While friendship is considered a finer human trait possessed by few other animal species, some plants play well together. “Companion planting” has a long history going back to many First Nations of present-day North America. Corn, beans and squash are a famous combination: corn for height; beans, which climb the corn while fixing nitrogen into the soil; and squash with their big leaves to form a canopy that shades out weeds below.
How to Start a Vegetable Garden in 12 Easy Steps
In the Canadian Prairies, Cullen’s Foods organic farmers interplant chickpeas with flaxseed, which allows the flax to grow in drier areas while reducing the disease pressure on the chickpeas. Chickpeas also require drought to form proper pods, and flax will compete for water resources while crowding out weeds, causing just the right amount of stress for the chickpeas.
Popular Food Crops and Their Yield
In our backyard vegetable gardens, tomato and basil are a favourite combination. Basil tolerates the partial shade created by tomatoes in the heat of summer, and basil is said to protect against pests. While the science is not fully proven, we find that the culinary combination of basil and tomato is reason enough to put these two together. If you have ever enjoyed fresh tomatoes with homemade pesto, you know what we are talking about.
With their aggressive roots and shady canopies, trees can present problems for gardeners, though they are a challenge we have both embraced in our current yards. Just this year, Ben crammed four shade trees into his small urban yard. The trick to integrating trees into a landscape is pairing them with the understorey shrubs and woodland plants you would find them with in the wild. A collection of native ferns will perform well around a dogwood, which will, in turn, tolerate the dappled shade of a mature oak to create a balanced natural landscape. Put together enough friendly plants, and you will find yourself at a garden party.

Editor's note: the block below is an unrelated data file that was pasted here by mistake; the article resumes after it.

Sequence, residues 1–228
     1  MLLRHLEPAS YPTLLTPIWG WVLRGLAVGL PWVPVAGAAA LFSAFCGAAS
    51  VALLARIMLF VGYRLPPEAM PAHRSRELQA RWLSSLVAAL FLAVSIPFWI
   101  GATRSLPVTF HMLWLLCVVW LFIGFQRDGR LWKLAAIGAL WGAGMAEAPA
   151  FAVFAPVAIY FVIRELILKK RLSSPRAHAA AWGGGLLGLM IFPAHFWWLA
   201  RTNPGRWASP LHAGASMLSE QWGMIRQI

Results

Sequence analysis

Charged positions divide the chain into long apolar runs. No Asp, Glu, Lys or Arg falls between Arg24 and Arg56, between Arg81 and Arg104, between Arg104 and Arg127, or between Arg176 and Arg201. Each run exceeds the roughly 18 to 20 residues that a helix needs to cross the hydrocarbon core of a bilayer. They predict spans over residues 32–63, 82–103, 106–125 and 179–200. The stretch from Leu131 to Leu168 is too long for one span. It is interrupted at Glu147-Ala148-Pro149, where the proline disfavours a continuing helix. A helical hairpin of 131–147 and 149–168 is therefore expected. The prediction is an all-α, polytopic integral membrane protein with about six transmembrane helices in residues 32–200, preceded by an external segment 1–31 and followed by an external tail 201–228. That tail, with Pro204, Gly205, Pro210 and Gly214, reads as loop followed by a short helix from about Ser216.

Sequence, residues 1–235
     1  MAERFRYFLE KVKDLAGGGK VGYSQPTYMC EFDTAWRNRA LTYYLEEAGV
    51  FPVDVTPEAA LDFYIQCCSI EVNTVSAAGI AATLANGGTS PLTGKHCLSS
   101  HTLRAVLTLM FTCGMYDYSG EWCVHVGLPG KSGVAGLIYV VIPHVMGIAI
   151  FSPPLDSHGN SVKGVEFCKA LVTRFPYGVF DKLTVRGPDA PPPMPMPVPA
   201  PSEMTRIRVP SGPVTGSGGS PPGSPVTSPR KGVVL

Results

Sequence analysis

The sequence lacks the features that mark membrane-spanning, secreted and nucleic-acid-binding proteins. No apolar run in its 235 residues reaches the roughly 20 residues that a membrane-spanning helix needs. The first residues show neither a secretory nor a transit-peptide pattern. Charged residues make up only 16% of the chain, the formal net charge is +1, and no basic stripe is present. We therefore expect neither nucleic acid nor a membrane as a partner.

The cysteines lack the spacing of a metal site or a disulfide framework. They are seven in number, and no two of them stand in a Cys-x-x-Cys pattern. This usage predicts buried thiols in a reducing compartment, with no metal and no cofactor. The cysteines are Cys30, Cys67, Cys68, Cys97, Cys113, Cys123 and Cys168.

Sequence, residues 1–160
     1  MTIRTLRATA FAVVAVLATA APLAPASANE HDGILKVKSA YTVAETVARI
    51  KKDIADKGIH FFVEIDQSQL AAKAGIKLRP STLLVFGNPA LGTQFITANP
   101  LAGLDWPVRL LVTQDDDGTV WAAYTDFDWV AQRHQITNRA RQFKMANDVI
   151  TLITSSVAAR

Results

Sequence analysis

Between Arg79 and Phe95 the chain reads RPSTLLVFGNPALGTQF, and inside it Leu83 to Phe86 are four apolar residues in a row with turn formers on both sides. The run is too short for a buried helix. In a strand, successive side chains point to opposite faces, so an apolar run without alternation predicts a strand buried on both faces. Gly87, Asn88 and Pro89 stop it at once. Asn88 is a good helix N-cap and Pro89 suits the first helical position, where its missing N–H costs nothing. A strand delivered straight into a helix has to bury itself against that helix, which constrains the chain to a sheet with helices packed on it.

5 POPULAR COMPANIONS IN THE FOOD GARDEN
1. Garlic and roses
2. Garlic and tomatoes
3. Marigolds and tomatoes
4. Peppers and tomatoes, parsley, basil, carrots
5. Strawberries and peaches
5 COMBINATIONS TO AVOID
1. Apples and potatoes
2. Broccoli and tomatoes
3. Peppers and beans
4. Potatoes and melons
5. Garlic and onions next to peas and beans
Always Add Compost
Remember that the most important companion to any food garden plant is compost. Compost is de-“composed” organic matter, which is to say, anything containing carbon that has had the opportunity to rot down under the right conditions. Ideal compost will contain diverse source material — kitchen scraps, animal manures, fallen leaves — that has spent at least a season rotting down and is teeming with active microbial life. These bacteria, actinomycetes, fungi, protozoa and nematodes mobilize to turn kitchen scraps into compost and to make those nutrients available to plants. Compost is the least expensive and best fertilizer for your garden. Learn how to make your own compost here.
Mark Cullen is an expert gardener, author, broadcaster and tree advocate
and holds the Order of Canada. His son, Ben, is a fourth-generation
urban gardener and a graduate of the University of Guelph and Dalhousie
University in Halifax. Follow them at markcullen.com, @MarkCullen4
(Twitter) and @markcullengardening (Facebook) and look for their latest book, Escape to Reality.
Follow them at markcullen.com, @MarkCullen4, facebook.com/markcullengardening and biweekly on Global TV’s national morning show, The Morning Show.